Kids and electronics: Giving kids the break they need

babyipad_jpgSchool is out, which equals no homework and lots of free time. On the last day of school, my son came home jazzed about our upcoming summer plans. But he soon had plans of his own: He immediately picked up his iPad, and then moved to computer games and online videos.

His face remained transfixed on screens until bedtime, and he couldn’t be bothered to do anything else. In fact, he got quite irritable when I suggested that he take a break or help me with some chores. Sheesh!

Does this remind you of your child, or children?

Electronic device overload

When 20 minutes stretches into a 7-hour marathon, electronic devices can become detrimental to your child’s well-being. Grades can take a nosedive, physical health suffers with weight gain and sleep deprivation, and moods often swing heavily when screen time is reduced.

What’s a parent to do? Try these tips and tactics:

  • Make firm rules and stick to them. You are the boss.
  • Put your own devices away. Set the example.
  • List strict times when devices are off limits (family meals, before bed, while doing homework).
  • Limit the total amount of time allowed on devices per day or week.
  • Keep track of kids’ devices when they’re supposed to be doing something else.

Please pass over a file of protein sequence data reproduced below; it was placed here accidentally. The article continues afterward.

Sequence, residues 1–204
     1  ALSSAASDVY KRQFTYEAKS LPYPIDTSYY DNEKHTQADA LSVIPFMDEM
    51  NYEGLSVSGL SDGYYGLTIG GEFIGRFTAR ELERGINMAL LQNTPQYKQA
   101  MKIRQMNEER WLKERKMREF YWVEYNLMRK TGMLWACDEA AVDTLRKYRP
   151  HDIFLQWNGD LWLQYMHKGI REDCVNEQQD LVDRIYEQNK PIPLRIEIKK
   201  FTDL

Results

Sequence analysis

• Have “Tech-Free Family Time” with game nights.

Get them outdoors

Overuse of electronic devices can cause children to lose interest in other hobbies. Take your children outside and remind them what fun there is to be had on outdoor adventures. Ride bikes. Go for a nature walk.

Pitch a tent in the backyard and encourage them to “camp” all summer. Get them involved in a team sport or activity they enjoy. Spending time outside and interacting socially with others can promote children’s healthy development.

Be in the real world

Young children may throw tantrums. Teens might sulk. If you’re going from no rules on electronics to these general guidelines, it might take some time. Hold your ground, and soon your child will experience how engaging and interacting with the “real world” – and with you, friends and siblings – has more rewards than any video game can give.

We’ve now limited our son’s iPad use. And yes, he was upset at first. Over time, his naturally sweet and social personality came back fully with hugs and cuddling next to me on the sofa. Is there anything better than that?

 

 

 

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Lisa Engber-Shomo